Electric Safety After a Flood
Flooding forces homeowners to ask many difficult questions about water-damaged electrical equipment in their houses:
- Can I use appliances after they dry out?
- Are circuit breakers and fuses safe to use?
- Will I need to replace my electrical wiring?
Floodwater contaminants can create serious fire hazards if electrical wiring and equipment have been submerged in water. Even with professional cleaning and drying, sediments and toxins are difficult to remove.
As families begin to clean up after a flood, there may be hidden electrical hazards. This is not a do-it-yourself project! Before beginning, have a qualified electrician check the house wiring, assess other damages and proceed with repair work. Then, follow these important safety tips:
- If you smell natural gas or hear a blowing or hissing sound, quickly leave the home and call your natural gas provider. Be aware that propane tanks also pose a risk if they are punctured or damaged.
- Do not flip a switch or plug in an appliance until an electrician tells you it is safe.
- Do not touch a circuit breaker or replace a fuse with wet hands or while standing on a wet surface. Use a dry plastic- or rubber-insulated tool to reset breakers and use only one hand.
- Do not allow power cord connections to become wet.
- Do not remove or bypass the ground pin on a three-prong plug.
- Use portable ground-fault circuit-interrupter (GFCI) protective devices on equipment and extension cords to help prevent electrocutions and electrical shock injuries.
- Discard electrical devices that have been submerged (i.e., circuit breakers, fuses, GFCIs, receptacles, plugs and switches).
- When using a wet-dry vacuum cleaner or a pressure washer, be sure to follow the manufacturer's instructions to avoid electric shock.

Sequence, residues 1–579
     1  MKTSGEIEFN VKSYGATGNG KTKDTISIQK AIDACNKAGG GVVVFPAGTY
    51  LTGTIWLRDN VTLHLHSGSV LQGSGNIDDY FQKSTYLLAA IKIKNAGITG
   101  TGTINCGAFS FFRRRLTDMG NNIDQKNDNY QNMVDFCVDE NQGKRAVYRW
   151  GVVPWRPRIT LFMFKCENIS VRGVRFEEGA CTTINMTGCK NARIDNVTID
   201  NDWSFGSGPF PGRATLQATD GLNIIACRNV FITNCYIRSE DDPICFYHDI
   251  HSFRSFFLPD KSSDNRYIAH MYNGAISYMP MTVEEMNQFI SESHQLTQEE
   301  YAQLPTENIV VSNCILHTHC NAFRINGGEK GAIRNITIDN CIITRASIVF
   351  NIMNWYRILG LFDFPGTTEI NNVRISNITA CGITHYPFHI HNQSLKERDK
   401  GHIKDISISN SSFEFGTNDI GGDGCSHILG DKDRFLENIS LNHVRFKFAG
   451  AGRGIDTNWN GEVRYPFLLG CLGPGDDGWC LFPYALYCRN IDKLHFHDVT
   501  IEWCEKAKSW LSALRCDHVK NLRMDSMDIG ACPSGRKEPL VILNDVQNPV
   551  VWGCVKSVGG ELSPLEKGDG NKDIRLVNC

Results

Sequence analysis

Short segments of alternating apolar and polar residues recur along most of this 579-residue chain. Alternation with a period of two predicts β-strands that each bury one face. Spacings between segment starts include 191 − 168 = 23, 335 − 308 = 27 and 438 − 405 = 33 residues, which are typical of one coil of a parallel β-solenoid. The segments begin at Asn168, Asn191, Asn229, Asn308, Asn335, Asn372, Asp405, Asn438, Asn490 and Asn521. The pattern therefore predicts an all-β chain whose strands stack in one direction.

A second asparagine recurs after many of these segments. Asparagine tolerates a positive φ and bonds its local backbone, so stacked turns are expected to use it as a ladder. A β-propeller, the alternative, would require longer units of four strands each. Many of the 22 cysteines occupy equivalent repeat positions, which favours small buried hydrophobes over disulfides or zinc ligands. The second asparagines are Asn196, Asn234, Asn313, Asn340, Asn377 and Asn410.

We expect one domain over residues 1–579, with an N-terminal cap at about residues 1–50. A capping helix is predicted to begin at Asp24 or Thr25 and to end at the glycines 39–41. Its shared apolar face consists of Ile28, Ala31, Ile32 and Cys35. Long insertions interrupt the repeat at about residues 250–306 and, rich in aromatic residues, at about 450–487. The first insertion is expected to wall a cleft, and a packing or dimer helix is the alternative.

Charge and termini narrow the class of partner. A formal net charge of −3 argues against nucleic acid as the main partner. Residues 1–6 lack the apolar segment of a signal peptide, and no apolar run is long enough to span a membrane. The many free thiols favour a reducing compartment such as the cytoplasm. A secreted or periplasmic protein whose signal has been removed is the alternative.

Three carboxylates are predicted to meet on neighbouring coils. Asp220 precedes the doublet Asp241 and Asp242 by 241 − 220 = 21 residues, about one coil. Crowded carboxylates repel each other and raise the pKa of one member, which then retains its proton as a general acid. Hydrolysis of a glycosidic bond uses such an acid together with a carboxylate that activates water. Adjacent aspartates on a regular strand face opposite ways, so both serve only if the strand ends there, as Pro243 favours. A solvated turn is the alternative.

- Portable generators emit carbon monoxide (CO), a poisonous gas that is colorless and odorless. For this reason, portable generators should never be used indoors or outdoors near open doors, windows or vents.
- Do not turn on damaged electrical appliances. Electrical parts can pose an electric shock hazard or overheat and cause a fire.
Replace or Recondition?
Some items may be reconditioned, while others will need to be completely replaced to protect you and your family. It is recommended that you allow an electrician or electrical inspector to guide the restoration or replacement of any electrical wiring or equipment.
Corrosion and insulation damage can occur when water and silt get inside electrical devices and products. Water can also damage the motors in electrical appliances. Therefore, you may need to replace:
- Circuit breakers and fuses
- All electrical wiring systems
- Light switches, thermostats, outlets, light fixtures, electric heaters and ceiling fans
- Washing machines, dryers, furnaces, heat pumps, freezers, refrigerators, dehumidifiers, vacuums, power tools, exercise equipment and similar appliances. Internal electrical components of this equipment could also be damaged.
- Electronic equipment, including computers and home entertainment systems
Inspect your home for electrical safety
Longmont Power & Communications suggests these
quick checks you can make in your home today to help it make it more electrically safe.
Outlets and plugs